With the NFL trading deadline approaching on Nov. 1, Pete Carroll and John Schneider have 16 days to upgrade the Seahawks most obvious deficiency, their cheaply assembled offensive line.
Because few college players understand pro-style blocking techniques these days, there aren’t an abundance of options. Veteran tackle Branden Albert, who this past summer retired from Jacksonville before deciding he wasn’t ready to retire, met with the Seahawks last week. He’s had some trouble staying healthy, but Albert is a two-time Pro Bowl selection who could provide immediate help.
So, too, could Houston tackle Duane Brown. A three-time Pro Bowler and first-team All Pro in 2012, Brown has spent 2017 as a holdout. Feel free to suspect he’s available.
As the Hawks are deliberating about solutions for what’s become an annual quandary, another candidate comes to mind: Future Hall of Fame left tackle Joe Thomas.
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Thomas recently participated in his 10,000th consecutive snap. Think about this: 10,000 plays without missing a down. It’s an NFL record more impressive than Cal Ripken Jr.’s iron-man achievements in baseball.
Two obstacles impede the possibility of Thomas concluding his career in Seattle. The first relates to the salary cap: He’s earning $11.5-million this season, and is set to make $10-million in 2018, the final year of his contract. Lots of numbers would have to be crunched.
The other obstacle is primal. Since the Browns drafted him out of Wisconsin in 2008, Thomas has come to love Cleveland in a way only Cleveland residents, and those who are friends or relatives of Cleveland residents, can understand.
The Browns are terrible — a 33-17 defeat at Houston on Sunday was their 21st loss in 22 games — and figure to remain terrible for the next few years. No matter to Thomas, whose loyalty has been reciprocated by management.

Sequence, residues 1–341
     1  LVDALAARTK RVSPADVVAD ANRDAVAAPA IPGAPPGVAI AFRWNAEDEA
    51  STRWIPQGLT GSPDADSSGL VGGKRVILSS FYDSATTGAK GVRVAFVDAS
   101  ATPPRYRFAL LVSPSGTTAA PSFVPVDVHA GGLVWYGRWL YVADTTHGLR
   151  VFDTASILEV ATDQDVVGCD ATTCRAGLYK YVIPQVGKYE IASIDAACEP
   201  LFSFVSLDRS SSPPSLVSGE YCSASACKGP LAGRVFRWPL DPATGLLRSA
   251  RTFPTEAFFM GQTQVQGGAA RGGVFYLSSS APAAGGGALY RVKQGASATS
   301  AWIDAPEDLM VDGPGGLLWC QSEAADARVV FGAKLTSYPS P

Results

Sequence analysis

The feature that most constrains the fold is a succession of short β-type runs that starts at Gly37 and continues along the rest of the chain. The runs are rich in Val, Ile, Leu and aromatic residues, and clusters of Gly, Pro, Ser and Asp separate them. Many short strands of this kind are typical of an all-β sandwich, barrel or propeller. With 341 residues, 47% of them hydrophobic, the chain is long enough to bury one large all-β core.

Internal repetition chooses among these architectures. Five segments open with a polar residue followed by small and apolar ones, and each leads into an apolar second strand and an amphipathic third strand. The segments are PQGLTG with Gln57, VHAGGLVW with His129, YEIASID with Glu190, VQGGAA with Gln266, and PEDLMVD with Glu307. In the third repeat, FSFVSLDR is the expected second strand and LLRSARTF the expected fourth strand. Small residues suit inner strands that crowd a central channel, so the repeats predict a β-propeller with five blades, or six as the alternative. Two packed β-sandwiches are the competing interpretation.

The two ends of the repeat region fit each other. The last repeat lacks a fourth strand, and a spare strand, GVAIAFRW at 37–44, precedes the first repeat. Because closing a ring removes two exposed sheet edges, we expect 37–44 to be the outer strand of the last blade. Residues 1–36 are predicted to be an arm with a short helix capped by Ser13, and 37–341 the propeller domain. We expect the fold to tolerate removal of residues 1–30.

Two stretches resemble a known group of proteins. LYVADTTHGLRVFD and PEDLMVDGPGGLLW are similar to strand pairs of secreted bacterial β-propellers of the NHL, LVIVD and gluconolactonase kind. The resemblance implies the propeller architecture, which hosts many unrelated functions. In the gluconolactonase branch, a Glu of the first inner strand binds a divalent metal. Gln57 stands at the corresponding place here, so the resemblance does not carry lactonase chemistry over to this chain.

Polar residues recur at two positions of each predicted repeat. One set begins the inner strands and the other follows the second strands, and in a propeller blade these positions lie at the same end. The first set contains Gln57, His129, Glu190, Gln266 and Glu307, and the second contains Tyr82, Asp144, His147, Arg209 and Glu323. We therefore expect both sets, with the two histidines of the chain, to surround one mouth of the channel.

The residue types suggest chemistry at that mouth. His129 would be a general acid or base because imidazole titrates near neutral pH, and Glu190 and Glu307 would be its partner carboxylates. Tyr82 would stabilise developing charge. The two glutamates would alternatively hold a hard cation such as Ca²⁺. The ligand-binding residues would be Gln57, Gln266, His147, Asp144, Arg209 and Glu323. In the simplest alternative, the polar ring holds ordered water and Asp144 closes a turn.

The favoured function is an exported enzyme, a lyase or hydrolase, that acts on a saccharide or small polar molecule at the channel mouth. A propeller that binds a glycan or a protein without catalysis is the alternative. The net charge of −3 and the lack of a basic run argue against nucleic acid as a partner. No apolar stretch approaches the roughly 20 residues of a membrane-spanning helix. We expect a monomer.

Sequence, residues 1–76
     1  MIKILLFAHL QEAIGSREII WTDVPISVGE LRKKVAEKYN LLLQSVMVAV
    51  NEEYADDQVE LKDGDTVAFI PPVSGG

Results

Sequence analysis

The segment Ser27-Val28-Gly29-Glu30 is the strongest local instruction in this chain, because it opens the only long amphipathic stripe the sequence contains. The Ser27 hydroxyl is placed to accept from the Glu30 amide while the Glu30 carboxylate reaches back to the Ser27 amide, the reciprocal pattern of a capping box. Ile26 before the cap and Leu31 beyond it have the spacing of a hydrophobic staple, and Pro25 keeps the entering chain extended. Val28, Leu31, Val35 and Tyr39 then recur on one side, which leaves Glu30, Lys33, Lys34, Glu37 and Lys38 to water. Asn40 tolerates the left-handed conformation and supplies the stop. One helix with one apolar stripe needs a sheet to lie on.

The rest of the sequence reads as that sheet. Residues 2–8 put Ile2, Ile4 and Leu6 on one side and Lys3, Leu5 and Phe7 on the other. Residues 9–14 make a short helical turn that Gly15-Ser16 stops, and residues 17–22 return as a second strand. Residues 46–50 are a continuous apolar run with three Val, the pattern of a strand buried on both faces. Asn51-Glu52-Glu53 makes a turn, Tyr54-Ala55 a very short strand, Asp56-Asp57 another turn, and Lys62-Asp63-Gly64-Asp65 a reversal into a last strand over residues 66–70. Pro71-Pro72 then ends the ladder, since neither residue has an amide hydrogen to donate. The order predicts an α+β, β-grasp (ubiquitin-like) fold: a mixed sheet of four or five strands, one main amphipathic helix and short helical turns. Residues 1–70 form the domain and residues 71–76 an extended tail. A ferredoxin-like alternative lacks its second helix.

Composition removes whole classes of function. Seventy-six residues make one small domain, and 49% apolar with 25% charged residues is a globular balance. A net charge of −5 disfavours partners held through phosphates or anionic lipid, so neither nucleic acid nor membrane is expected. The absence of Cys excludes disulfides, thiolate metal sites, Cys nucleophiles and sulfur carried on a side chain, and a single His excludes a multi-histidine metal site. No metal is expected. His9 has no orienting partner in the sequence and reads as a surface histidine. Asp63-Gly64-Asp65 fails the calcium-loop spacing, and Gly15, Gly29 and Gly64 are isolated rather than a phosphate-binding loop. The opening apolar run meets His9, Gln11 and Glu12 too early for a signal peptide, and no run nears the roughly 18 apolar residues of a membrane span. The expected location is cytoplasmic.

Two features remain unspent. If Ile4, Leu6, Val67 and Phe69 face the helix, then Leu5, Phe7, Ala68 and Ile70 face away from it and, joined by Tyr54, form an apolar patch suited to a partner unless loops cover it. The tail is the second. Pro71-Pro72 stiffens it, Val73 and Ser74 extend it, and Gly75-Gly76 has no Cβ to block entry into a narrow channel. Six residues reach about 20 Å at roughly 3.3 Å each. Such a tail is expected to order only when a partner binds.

Trading an all-time great player still at the top of his game — a well-regarded pro football analytics site ranks Thomas as the league’s most effective left tackle — would infuriate already infuriated Browns fans.
The odds of the Hawks swinging a deal for Thomas are as long as the odds were of Buster Douglas knocking out the supposedly invincible Mike Tyson.
So I’m telling you there’s a chance.
There’s a chance because Schneider and Carroll crave the adrenaline rush of pulling off blockbuster trades, the results of which have been mixed.
All-purpose Vikings receiver Percy Harvin to Seattle for the first and seventh-round picks of the 2013 draft, along with a third rounder in 2014? A failure. Harvin was rarely healthy enough to contribute on the field, and he didn’t mesh well with teammates off of it.
Saints tight end Jimmy Graham and a fourth-round pick to Seattle for center Max Unger and a 2015 first-round pick? The jury’s still out on that one. Developing consistent chemistry between quarterback Russell Wilson an Graham has been a problem, and the last commodity the Hawks could afford to trade was a Pro Bowl-caliber offensive lineman.
But the fact Harvin was a bust, and assimilating Graham into the scheme continues to be a work in progress, shouldn’t discourage Carroll and Schneider from rolling the dice a third time.
Trading for a premier left tackle who never misses a snap would cost at least one first-round draft choice and several valuable other picks negotiated on an installment plan. A hefty price, by any measure, for a 32-year old whose decade-long run of good fortune is bound to end sooner or later.
Go for it. Offer Cleveland a deal too sweet to refuse. The Seahawks are looking at a schedule resembling that of a pool shark about to run the table, and gaining home-field advantage throughout the playoffs is plausible.
But in order to get back to the Super Bowl, and win the Super Bowl, then some holes must be plugged.
Thomas is not a miracle worker (although those 10,000 consecutive plays puts him in the conversation). Installing him as the Seahawks left tackle won’t transform a bewildered offensive line into a dominant offensive line.
What Thomas could do is give Wilson some assurance his clock won’t be cleaned every time he drops back in the pocket.
Speaking of clocks, there’s 16 days left for Carroll and Schneider to prove they’ve still got the magic touch that presaged a Super Bowl parade in Seattle.
Obtaining Joe Thomas for some prized draft picks complicates the future.
To hell with the future.